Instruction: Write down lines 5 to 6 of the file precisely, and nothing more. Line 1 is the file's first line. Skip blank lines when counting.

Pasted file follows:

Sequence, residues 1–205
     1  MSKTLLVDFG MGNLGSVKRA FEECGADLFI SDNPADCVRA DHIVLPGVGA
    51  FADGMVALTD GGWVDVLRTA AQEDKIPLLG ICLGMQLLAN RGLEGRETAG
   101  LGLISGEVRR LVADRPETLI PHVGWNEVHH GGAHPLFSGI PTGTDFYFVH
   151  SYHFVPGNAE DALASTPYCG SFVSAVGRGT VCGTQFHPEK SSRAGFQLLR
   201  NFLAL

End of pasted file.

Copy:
   151  SYHFVPGNAE DALASTPYCG SFVSAVGRGT VCGTQFHPEK SSRAGFQLLR
   201  NFLAL